Political differences impede regulation of for-profit schools In late July, a U.S. Senate committee that scrutinized 30 for-profit colleges around the country questioned the performance of three based in the Twin Cities. Minnesota state officials are taking a closer look at the state's for-profit colleges.3:50 p.m.
Political differences impede regulation of for-profit schools In late July, a U.S. Senate committee that scrutinized 30 for-profit colleges around the country questioned the performance of three based in the Twin Cities. Minnesota state officials are taking a closer look at the state's for-profit colleges.5:50 p.m.
National Public Radio Stories
Chicago Teacher Strike Puts Obama In Awkward Spot
President Obama has a delicate dance in dealing with the Chicago teachers strike. Unions are traditionally his staunchest supporters and enthusiastic campaigners. And while they're not happy with the reform policies his administration is pursuing, they're likely to stick with the president to a point. Mitt Romney meanwhile says he's on the side of parents and students.
Officials Combat Big Stink In Southern California
Melissa Block talks to Jack Crayon, an environmental scientist at California's Department of Fish and Game, about odd smells that have invaded a large area in Southern California. He says it smells like the gases from the Salton Sea.
Construction Still Slow At World Trade Center Site
As the tallest building in New York City rises at the World Trade Center site, the total cost of the rebuilding project is also climbing fast. An audit of the Port Authority of New York and New Jersey, which oversees the project, found the cost has grown to a whopping $14.8 billion dollars. A museum commemorating the victims of the 9/11 attacks was scheduled to open this month. Construction was delayed because of a fight over money, but an agreement last night could pave the way for construction to resume.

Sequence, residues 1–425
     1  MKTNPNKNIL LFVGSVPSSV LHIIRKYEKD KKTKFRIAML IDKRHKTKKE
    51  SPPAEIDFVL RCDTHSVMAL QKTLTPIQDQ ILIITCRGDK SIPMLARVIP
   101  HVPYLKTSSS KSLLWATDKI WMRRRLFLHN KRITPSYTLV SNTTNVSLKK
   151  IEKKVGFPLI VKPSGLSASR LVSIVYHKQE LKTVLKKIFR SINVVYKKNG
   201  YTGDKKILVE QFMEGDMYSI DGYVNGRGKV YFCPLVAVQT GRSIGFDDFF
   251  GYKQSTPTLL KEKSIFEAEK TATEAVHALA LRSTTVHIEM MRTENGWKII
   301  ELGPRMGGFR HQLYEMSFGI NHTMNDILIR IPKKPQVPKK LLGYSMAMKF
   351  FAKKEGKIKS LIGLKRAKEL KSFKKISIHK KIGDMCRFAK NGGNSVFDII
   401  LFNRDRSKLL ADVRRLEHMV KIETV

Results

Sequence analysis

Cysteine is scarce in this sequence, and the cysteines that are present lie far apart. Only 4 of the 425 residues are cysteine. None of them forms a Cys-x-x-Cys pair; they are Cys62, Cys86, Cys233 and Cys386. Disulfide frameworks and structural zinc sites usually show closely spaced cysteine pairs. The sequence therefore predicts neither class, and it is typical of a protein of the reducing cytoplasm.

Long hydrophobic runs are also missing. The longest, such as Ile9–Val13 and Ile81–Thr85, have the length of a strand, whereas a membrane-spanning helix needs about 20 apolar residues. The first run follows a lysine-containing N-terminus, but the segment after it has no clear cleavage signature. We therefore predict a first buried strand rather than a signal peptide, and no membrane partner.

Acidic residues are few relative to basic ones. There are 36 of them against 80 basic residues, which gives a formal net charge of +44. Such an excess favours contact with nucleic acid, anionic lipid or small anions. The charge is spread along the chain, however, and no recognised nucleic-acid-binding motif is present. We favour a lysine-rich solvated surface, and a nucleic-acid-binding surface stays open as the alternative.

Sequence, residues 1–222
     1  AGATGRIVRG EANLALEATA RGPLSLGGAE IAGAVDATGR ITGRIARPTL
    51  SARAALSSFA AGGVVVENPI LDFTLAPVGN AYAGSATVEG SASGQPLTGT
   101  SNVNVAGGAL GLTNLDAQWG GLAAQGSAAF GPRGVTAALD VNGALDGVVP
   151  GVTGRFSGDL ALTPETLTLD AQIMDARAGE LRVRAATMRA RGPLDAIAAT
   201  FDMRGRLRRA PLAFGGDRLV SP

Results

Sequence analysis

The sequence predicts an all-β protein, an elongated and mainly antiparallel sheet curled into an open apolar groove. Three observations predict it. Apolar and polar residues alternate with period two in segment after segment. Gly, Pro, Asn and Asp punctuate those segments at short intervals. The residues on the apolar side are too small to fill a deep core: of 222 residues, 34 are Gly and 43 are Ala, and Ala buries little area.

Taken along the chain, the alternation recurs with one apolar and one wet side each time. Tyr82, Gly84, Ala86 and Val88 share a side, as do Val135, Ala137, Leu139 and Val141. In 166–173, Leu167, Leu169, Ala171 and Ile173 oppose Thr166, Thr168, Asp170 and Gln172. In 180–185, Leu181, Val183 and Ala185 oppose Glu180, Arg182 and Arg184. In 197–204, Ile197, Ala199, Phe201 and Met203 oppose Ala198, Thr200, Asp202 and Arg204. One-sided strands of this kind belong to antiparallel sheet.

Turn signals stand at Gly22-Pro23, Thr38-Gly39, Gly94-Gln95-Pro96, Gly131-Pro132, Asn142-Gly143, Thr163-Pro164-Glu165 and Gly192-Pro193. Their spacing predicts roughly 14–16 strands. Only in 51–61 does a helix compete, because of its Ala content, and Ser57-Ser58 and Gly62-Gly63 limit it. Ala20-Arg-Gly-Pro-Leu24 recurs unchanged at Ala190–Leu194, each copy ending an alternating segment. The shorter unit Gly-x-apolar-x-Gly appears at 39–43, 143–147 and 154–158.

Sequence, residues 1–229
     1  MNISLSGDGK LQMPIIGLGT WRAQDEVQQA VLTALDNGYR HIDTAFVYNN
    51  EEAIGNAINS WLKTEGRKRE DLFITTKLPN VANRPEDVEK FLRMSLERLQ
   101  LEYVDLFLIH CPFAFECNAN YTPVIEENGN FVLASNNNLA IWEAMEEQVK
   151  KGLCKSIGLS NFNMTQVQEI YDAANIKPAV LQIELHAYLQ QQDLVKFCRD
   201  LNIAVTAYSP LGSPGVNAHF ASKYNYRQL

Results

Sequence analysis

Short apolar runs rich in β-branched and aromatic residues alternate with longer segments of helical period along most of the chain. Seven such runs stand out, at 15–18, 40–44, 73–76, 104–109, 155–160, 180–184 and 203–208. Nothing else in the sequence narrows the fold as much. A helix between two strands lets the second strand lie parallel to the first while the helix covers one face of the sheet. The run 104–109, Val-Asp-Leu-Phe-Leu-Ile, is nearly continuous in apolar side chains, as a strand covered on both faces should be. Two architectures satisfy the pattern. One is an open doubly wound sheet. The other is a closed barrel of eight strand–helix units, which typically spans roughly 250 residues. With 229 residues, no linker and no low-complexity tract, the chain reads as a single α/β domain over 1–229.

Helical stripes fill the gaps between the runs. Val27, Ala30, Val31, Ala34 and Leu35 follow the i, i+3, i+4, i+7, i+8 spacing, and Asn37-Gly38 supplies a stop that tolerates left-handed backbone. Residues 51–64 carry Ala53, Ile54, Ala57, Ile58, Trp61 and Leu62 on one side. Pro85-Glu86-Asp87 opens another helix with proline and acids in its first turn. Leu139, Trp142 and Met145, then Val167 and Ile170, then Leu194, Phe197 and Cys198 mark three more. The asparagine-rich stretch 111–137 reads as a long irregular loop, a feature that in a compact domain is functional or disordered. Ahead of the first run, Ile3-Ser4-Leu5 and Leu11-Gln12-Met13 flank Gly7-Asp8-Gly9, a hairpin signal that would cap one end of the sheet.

China's President-To-Be Mysteriously Absent
The man in line to be China's next President has missed a number of official functions recently — leading to speculation about his health. Xi Jinping who's expected to take over the presidency next month, has not been seen in public for the last ten days. Comments on Chinese microblogging sites suggested he might be severely ill, or had been injured in a car crash. However wire reports quoting unnamed official sources say Xi has injured his back while swimming, and is avoiding public events while he recovers.
Racial, Regional Divide Still Haunt Detroit's Progress
In Detroit, the predominantly black city and predominantly white suburbs have feuded for decades over finances and control of assets. A recent suburban vote to help a city institution offers hope for better cooperation. But old tensions are still roiling over a proposal to put a beloved city park under state oversight.
'Breed': A Pseudonym To Pen A Tale Of Horror
Author Scott Spencer is best known for his literary best-seller Endless Love — now, he's adopted a pseudonym, Chase Novak, to explore darker stories like the tale of baby lust and body horror in his new novel, Breed.